2020 ASME Human-Powered Vehicle Competition University of Virginia Orange Team; Robots and Society: Robots Influence on Manufacturing

Baber, Todd, School of Engineering and Applied Science, University of Virginia
Seabrook, Bryn, EN-Engineering and Society, University of Virginia
Smith, Natasha, EN-Mech/Aero Engr Dept, University of Virginia

The HPVC is a competition that tasks teams from around the world to design and build a vehicle that can be powered by a person. The mission statement by ASME is to encourage engineering students to consider the social, environmental and economic benefits of the vehicles they design. The first set of criteria given to the team is a set of safety rules that apply to all phases of the design from structural forces, deflections, safety harnesses, and braking. However, the team set forth other goals for design objectives such as gearing ratios, turning radius, weight, and steering. The design choices are made with respect to the manufacturability and timeline of the project. The available machinery was a waterjet, TIG welder, CNC, mill, lathe, grinders, and other handheld tools over a semester of construction. The final design is a tadpole recumbent bicycle with Ackermann steering configuration made of 4140 steel. Finally, the design and manufacturing were the objectives of the challenge in order to build a unique vehicle.
The unique nature of special builds is not a large part of the economy any more with factories producing large scale identical products. In 2013 Oxford researchers Carl Frey and Michael Osbourne theorized that forty seven percent of jobs in the United States are at risk of computerization (Frase, 2016. The IEEE defines a robot as a machine that is able to interpret the environment and make calculations. Therefore, the technical advancement now makes robots a viable method of labor that can compete with humans. The research proposal is the study of integration of robots into manufacturing and the corresponding impact on society. To study this effect of robots on the society and the economic impacts the research paper looks at the automotive industry. The automotive industry has a long history of employment history and values displayed in America. The industry was also an early adopter of robots in the late 1970’s, which allows historical case study of robots impact on the community. In addition, using discourse analysis to get society’s perception of robots using newspaper articles. Furthermore, using disruptive technology regulations with code of ethics for roboticists to understand the impacts that robots have on society. Paradigms shift theory is used to study the impact of robots as models change as is inherent in disruptive technologies. Finally, the expected result is to learn the impacts that robots will have on society and economy. In addition, to use expert methods to implement ways to adapt to the changing labor climate. The significance to the research community is to understand a modern problem of labor in America, and to possibly limit negative outcomes.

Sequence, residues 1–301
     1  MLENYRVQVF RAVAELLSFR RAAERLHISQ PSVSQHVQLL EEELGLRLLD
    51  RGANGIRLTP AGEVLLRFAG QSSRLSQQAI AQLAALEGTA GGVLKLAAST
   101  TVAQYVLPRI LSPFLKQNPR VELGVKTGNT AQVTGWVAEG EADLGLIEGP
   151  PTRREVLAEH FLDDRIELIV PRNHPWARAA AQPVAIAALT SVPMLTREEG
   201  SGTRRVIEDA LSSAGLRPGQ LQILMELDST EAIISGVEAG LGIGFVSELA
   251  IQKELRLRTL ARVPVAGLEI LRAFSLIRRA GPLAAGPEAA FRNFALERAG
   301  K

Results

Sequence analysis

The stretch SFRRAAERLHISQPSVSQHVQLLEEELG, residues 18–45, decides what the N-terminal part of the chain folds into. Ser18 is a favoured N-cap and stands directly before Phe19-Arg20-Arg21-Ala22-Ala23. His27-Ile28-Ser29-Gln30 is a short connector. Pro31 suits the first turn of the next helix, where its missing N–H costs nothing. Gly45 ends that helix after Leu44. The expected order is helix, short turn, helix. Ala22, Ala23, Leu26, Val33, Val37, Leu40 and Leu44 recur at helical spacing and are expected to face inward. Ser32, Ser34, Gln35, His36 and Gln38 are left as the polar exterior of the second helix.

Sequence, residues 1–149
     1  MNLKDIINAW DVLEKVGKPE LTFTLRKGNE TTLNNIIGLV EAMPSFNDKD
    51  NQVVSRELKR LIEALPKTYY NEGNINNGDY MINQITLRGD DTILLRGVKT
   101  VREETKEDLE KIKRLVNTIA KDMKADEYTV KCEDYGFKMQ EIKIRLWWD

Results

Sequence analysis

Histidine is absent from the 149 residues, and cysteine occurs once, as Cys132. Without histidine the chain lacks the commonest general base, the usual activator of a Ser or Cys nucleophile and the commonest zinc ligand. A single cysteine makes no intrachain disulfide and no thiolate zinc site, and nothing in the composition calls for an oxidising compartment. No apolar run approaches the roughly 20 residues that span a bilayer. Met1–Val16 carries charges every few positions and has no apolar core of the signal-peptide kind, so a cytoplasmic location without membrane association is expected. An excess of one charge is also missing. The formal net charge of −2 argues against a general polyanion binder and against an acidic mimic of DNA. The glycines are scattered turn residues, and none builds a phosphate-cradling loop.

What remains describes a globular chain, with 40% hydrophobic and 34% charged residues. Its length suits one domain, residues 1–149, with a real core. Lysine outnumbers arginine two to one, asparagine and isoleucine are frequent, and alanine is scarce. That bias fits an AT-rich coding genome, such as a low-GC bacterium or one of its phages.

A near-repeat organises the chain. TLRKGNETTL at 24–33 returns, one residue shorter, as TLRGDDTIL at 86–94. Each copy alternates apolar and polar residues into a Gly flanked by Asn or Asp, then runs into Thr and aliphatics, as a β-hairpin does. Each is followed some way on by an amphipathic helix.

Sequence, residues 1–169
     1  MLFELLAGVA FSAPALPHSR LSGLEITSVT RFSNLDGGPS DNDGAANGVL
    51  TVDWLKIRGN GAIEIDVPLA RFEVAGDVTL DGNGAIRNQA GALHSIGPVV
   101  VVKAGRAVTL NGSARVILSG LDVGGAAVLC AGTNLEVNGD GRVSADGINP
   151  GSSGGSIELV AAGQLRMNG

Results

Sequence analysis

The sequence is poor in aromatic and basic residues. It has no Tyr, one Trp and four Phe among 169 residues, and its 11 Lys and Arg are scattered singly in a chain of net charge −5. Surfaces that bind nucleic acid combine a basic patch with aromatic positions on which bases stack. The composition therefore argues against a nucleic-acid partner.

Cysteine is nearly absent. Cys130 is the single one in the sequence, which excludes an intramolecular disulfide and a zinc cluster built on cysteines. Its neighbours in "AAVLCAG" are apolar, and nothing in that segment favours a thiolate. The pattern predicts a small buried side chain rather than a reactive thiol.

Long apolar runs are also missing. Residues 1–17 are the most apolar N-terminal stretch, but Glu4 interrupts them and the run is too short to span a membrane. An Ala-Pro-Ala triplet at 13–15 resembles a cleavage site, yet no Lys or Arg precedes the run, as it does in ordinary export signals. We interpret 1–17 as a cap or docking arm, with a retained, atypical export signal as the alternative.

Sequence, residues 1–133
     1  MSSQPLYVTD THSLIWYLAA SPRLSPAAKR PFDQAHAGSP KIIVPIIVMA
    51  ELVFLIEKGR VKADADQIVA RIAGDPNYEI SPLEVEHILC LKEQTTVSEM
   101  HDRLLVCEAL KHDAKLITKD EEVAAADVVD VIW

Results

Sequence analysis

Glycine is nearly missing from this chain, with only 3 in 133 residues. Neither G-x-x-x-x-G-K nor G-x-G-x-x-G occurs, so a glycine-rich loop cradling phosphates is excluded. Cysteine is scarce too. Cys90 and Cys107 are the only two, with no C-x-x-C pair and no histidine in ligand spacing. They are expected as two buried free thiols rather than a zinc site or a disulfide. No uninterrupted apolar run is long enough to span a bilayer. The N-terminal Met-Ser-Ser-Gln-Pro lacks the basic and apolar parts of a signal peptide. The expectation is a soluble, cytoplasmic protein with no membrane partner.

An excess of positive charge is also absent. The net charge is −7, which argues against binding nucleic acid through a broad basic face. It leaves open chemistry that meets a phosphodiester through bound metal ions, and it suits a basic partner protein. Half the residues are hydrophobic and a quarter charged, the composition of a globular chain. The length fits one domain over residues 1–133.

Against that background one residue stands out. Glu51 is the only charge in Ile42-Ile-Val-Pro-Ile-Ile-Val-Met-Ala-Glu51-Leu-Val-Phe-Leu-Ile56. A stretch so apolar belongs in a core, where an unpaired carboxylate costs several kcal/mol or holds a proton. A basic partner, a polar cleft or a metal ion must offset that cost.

BS (Bachelor of Science)
paradigm shift, manufacturing, robots

School of Engineering and Applied Science
Bachelor of Science in Mechanical Engineering
Technical Advisor: Natasha Smith
STS Advisor: Bryn Seabrook
Technical Team Members: Sandesh Banskota, Ethan Blundin, Ross Bonnin, Chloe Chang, Thomas DeAngelis, Michael Jeong, Yasmin Khanan, Jean-Luc Lapierre, Jesse Patterson, Brad Mahaffey, Coke Mathews, Henry Qi, Kristin Schmidt

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